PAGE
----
Audi and BMW says Mercedes' shock decision to quit the DTM at the end of 2018 leaves them evaluating their own futures in the series.
Mercedes announced on Monday evening it will withdraw from the German tin-top series after the end of next season and instead take up its option of a Formula E entry for the 2019/2020 campaign.
Its decision means Mercedes will be absent from the DTM for the first time since 1987, and will leave Audi and BMW as the two remaining marques in the series.
The DTM last had two manufacturers six years ago, before BMW's arrival in 2012, with Mercedes and Audi propping up the series in the wake of Opel's departure after the 2005 season.
Audi reiterated the DTM's "vital" importance to its overall motorsport programme, but said Mercedes' exit left its own future in the series unclear.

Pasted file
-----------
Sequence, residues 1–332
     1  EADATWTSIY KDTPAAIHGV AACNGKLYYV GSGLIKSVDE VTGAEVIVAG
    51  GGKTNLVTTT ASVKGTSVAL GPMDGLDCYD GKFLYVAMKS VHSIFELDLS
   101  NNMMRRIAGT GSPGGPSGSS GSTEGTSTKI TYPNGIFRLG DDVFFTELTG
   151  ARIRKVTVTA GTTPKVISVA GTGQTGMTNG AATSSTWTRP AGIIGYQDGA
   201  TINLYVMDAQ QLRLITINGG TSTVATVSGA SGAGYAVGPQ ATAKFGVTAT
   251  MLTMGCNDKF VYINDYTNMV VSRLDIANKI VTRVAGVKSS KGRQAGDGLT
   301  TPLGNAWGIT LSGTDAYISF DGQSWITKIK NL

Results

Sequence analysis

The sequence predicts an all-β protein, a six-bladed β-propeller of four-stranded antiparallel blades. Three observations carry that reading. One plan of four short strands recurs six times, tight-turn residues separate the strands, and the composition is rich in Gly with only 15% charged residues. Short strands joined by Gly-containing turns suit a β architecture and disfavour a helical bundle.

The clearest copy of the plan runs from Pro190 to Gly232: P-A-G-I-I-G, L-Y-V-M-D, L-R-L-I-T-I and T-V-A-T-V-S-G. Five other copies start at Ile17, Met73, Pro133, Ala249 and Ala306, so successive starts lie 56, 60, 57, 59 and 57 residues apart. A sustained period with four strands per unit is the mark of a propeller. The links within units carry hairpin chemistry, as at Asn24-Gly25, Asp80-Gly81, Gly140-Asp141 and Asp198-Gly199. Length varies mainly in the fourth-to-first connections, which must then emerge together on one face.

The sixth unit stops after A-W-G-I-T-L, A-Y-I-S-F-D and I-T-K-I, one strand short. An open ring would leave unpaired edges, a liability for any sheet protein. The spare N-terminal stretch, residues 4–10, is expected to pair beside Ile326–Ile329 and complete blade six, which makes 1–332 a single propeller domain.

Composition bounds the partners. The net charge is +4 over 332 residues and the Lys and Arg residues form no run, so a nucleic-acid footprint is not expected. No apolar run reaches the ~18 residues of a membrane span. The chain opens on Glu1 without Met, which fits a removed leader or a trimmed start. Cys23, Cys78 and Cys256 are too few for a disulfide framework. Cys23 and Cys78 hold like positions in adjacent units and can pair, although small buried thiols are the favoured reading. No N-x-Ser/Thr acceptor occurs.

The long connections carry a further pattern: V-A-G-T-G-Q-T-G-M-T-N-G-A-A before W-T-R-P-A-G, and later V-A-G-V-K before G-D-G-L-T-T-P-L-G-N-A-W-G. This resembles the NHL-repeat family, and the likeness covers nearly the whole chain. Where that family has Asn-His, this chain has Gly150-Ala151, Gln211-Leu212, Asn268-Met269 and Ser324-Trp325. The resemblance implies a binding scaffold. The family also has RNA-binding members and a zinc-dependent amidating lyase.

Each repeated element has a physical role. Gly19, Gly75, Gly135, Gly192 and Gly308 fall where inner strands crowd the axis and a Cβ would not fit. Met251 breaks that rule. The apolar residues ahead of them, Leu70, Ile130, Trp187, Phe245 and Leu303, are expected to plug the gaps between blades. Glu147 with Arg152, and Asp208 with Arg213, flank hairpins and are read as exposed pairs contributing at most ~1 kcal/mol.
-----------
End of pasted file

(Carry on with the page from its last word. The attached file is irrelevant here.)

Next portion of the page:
"We regret the decision of Mercedes-Benz to retire from DTM after the 2018 season," said Audi motorsport boss Dieter Gass.
"The consequences for Audi and the series are not clear at the moment.
"For Audi, being part of international top touring car sport is a vital part of its works motorsports strategy.
"We now have to analyse the new situation with everybody involved in order to find a solution or possible alternatives to DTM."
BMW motorsport boss Jens Marquardt added: "It is with great regret that we acknowledge Mercedes' departure after the 2018 DTM season.
"We now need to evaluate this new situation."
MERCEDES ENTRY SHOWS IMPORTANCE OF FORMULA E
While expressing its regret over Mercedes' DTM exit, Audi said the arrival of its fellow German car maker in Formula E underlined the growing significance of the all-electric series.
Audi announced earlier this month it will take over the Abt team's Formula E entry from next season, while BMW recently confirmed its factory entry in the championship would be run by the Andretti team.
"We welcome Mercedes' entry into Formula E," added Gass.
"It shows the importance of the electrical series when now all three German premium brands have committed to racing there."